writing. This allows you to create a record of your request. It also gives us a clear statement of what records you are
requesting, so that there is no misunderstanding over a verbal request. However, we cannot refuse to respond to your FOIA
request if you elect to not put it in writing.
Your request must identify the records you are seeking with "reasonable specificity." This is a common-sense standard. It does
not refer to or limit the volume or number of records that you are requesting; instead, it requires that you be specific
enough so that we can identify and locate the records that you are seeking.
Your request must ask for existing records or documents. FOIA gives you a right to inspect or copy
records; it does not apply to a situation where you are asking general questions, nor does it require
the city to create a record that does not exist.
You may choose to receive electronic records in any format used by the city in the regular course of business.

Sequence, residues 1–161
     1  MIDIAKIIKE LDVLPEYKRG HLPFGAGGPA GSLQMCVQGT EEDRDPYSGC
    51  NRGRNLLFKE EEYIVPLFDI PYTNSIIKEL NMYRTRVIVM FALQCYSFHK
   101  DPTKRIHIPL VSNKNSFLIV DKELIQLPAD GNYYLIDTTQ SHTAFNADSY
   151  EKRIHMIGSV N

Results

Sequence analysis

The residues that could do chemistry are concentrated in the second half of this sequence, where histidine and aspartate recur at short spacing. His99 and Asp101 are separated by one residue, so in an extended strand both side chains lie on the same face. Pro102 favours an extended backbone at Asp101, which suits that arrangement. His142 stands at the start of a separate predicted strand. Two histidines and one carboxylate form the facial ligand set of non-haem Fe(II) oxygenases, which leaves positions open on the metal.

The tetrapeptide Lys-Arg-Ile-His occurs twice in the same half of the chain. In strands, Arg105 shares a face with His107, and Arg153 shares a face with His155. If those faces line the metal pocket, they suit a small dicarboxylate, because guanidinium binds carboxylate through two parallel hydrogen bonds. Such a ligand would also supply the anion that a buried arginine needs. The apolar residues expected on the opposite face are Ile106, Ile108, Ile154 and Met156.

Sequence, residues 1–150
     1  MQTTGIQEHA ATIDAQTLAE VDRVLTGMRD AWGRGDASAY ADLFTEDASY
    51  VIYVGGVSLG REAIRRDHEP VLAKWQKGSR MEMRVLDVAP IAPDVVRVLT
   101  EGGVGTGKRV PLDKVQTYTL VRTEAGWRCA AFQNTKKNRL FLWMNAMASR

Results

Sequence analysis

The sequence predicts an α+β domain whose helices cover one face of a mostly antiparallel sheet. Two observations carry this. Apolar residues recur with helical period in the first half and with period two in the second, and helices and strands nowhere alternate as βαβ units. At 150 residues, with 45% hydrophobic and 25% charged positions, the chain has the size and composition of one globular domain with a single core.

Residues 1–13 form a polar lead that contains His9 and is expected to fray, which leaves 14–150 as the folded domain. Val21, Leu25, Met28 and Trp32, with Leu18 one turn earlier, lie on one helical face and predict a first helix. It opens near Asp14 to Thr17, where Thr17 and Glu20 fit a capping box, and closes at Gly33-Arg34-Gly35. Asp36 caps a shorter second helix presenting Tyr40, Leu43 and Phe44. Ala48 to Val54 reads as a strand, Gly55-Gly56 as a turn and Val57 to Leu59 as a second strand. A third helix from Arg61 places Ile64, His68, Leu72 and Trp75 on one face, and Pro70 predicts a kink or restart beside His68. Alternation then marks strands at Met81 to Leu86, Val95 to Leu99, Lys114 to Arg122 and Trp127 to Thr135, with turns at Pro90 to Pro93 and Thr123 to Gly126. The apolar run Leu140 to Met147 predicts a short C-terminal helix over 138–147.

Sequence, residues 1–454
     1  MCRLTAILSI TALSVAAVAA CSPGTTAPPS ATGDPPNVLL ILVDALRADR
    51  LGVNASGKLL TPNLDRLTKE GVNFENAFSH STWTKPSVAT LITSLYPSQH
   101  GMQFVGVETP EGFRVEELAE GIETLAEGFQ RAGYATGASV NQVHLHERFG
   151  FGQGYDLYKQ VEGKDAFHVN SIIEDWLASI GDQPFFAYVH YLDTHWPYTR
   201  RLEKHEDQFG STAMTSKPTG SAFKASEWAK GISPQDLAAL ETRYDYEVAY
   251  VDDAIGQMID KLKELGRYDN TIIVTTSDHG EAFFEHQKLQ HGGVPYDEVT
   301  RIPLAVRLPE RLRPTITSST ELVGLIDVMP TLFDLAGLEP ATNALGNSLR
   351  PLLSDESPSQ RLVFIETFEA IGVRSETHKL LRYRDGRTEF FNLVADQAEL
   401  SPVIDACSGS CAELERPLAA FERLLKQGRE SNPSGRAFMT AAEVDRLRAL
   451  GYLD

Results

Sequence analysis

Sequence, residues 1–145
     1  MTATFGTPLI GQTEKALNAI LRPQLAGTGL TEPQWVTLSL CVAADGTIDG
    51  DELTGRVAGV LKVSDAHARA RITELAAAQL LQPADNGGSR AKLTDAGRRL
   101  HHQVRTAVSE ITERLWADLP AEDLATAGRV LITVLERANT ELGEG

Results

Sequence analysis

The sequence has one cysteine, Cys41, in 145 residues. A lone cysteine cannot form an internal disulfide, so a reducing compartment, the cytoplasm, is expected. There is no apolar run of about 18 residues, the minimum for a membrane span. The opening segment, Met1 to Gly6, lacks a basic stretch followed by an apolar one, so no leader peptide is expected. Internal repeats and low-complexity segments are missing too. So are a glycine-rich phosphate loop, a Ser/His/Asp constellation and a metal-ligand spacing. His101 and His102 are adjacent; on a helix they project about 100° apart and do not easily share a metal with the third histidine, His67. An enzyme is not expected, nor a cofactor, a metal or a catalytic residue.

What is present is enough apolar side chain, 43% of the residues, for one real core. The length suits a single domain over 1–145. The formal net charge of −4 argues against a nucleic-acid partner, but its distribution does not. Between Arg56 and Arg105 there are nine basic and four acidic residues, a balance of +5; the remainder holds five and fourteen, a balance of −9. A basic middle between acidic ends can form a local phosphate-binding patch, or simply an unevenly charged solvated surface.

For example, if you are requesting records maintained in an Excel database, you may elect to receive those records
electronically, via e-mail or on a computer disk, or to receive a printed copy of those records.
If we have questions about your request, please cooperate with staff's efforts to clarify the type of records that you are
seeking, or to attempt to reach a reasonable agreement about a response to a large request. Making a FOIA request is not an
adversarial process, but we may need to discuss your request with you to ensure that we understand what records you are seeking.
City Departments' Responsibilities in Responding to Your Request
The department must respond to your request within five working days of receiving it. "Day One" is considered the day after
your request is received. The five-day period does not include weekends or holidays.
The reason behind your request for public records from the department is irrelevant, and you do not have to state why you want